Underscoring the importance of peaceful dispute settlement, and citing the United Nations’ history of mediators, as well as the role of the Pope and Vatican diplomacy, he expressed support for new high‑level diplomatic initiatives to re‑establish peace on the Korean Peninsula, and said only a return to bilateral negotiations based on international law could peacefully settle the Israeli‑Palestinian conflict. Where peaceful dispute settlement was not applied, he said the Council, to protect international law in its darkest hour, could introduce targeted sanctions, as coercive measures were often crucial in defending international legal principles. He expressed support for international legal mechanisms to bring perpetrators of international law violations to justice, stressing that the International, Impartial and Independent Mechanism was a unique initiative that fostered prosecution of human rights violations in Syria.
TEODORO NGUEMA OBIANG MANGUE, Vice‑President of Equatorial Guinea, said strengthening of the rule of law must result in the consolidation of sustainable development, human rights and peace. Long‑term conflicts in the Democratic Republic of the Congo, South Sudan, Libya, Somalia and elsewhere often led to famines and forced displacement, which must be addressed under international law. He underscored the need for peaceful dispute settlement as a basic principle of international law enshrined in the Charter’s Chapter VI. For such law to prevail during conflict, there must be a guarantee of compliance with peacekeeping principles, he said, welcoming the Secretary‑General’s efforts to reform such operations in order to win the trust of host countries, and the Council’s commitment to incorporate defence for the rule of law. Conflict resolution must include the concept of inclusive development. The United Nations must support African Union efforts to maintain peace in order to optimize joint action. Noting that impunity often led to acts of revenge, he said achieving justice was not simply a legal issue, but rather linked to political, economic and cultural factors. Reaffirming the need for peaceful conflict resolution through frank, inclusive dialogue, he said his country agreed to refer to the International Court of Justice its border dispute with Gabon, and denounced the ferocious media campaign against Equatorial Guinea using “fake news”.
STEPHANUS ABRAHAM BLOK, Minister for Foreign Affairs of the Netherlands, said the international rule book was under pressure, from the annexation of Crimea, to slave markets in Libya, to suffering in Myanmar, with Syria a stark reminder of a deep “crisis of respect” for the hard‑won gains in international law the world fought for following the First World War. From the Geneva Conventions, to the Charter of the United Nations, to the Chemical Weapons Convention, in Syria, all those norms had been trampled. When a country was not able or willing to protect its citizens, the responsibility rested with the Council, meaning that those with veto power must use that privilege with maximum restraint. Yet, it had been used 12 times over the last seven years on the situation in Syria. He wondered what would happen if it could be used as a licence to kill or a means to obstruct justice. “The Council will force itself into irrelevance,” he said. “The laws will, again, cede to arms. And we will all lose.” That could not be allowed to happen. “If and when the Council makes itself irrelevant by inaction, other avenues will have to be explored” to ensure fundamental international norms were upheld. Ahead of the next General Assembly, the Netherlands would consult with the Accountability, Coherence and Transparency Group to explore such options. Urging the Council to refer the Syria situation to the International Criminal Court, he said the Netherlands would support the International, Impartial and Independent Mechanism for Syria with another €2.5 million, in addition to the €2.5 million it had already contributed.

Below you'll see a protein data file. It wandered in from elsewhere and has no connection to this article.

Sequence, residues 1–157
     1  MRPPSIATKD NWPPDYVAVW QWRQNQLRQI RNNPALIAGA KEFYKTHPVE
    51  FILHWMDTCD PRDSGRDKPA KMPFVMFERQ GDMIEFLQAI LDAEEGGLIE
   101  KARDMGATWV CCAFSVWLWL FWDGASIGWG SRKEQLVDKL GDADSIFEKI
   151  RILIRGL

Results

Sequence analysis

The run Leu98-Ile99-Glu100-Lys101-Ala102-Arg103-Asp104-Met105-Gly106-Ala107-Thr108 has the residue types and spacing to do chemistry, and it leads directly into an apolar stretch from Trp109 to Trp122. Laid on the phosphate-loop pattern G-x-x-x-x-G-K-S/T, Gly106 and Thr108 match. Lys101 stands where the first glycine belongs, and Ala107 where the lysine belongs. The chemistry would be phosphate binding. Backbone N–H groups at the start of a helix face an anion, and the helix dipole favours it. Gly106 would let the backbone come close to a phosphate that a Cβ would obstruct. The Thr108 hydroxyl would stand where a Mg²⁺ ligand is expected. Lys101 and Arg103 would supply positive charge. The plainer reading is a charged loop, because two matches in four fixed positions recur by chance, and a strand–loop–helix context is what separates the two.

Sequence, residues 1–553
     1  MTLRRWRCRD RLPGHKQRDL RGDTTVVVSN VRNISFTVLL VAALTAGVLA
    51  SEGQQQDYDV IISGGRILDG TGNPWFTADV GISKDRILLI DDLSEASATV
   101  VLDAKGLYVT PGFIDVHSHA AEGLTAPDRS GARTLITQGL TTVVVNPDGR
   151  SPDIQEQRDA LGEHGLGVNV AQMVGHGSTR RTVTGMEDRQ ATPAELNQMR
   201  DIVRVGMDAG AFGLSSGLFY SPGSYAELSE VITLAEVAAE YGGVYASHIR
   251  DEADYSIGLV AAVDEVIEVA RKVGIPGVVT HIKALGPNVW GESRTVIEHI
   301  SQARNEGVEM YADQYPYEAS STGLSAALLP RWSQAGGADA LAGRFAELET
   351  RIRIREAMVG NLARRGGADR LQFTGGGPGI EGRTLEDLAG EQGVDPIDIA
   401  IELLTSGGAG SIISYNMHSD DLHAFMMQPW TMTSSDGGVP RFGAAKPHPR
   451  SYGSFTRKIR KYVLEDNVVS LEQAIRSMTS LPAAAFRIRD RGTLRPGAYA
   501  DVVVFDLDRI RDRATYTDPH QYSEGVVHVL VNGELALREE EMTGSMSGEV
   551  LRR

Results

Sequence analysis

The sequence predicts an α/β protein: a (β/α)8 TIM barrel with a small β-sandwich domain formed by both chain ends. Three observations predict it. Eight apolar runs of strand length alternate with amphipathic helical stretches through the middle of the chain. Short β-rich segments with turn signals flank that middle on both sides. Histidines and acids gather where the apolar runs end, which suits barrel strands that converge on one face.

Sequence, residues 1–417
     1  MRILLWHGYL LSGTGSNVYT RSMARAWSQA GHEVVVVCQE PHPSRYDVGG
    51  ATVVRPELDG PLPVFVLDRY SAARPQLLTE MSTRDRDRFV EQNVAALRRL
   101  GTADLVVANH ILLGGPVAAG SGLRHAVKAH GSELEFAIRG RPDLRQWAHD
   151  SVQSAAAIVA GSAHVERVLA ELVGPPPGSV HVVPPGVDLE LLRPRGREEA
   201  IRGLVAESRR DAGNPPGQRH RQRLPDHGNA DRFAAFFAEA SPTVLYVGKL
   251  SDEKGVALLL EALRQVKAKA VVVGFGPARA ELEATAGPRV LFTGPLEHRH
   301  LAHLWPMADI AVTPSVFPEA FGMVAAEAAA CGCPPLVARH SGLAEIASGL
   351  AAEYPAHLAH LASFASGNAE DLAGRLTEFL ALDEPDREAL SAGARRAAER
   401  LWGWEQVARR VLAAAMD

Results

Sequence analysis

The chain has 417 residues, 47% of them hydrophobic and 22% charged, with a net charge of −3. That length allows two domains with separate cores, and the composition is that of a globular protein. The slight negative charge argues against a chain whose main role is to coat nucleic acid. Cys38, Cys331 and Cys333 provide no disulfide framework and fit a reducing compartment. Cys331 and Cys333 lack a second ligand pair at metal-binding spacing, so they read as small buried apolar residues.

MARAT BEKETAYEV, Minister for Justice of Kazakhstan, recalling that his country was the first to give up its nuclear arsenal, said there could be no greater achievement that ridding the world of such weapons. Collective measures to prevent and eliminate threats to peace, and the responsibility of each State in that regard, had been set out in “The World. The Twenty‑First Century”, a 2016 manifesto by the President of Kazakhstan which envisioned a world free of conflict by 2045 and the 100th anniversary of the founding of the United Nations. The Council must lead the way in that regard. Emphasizing the critical role of regional and subregional organizations, he wondered if the Council could enhance its legitimacy, and public awareness of its work, by meeting in other places from time to time. He highlighted the Conference on Interaction and Confidence‑building Measures in Asia, through which 26 States from Egypt to the Republic of Korea were doing significant work in the field of preventative diplomacy. He went on to say that Kazakhstan supported efforts by the United Nations, including the Council, to adapt its procedures to new challenges, and that today’s debate should mark the beginning of an ongoing dialogue. States and institutions could thrive when they had clear and just objectives and an open mind about the best way to achieve them, including robust mechanisms for enforcement and accountability.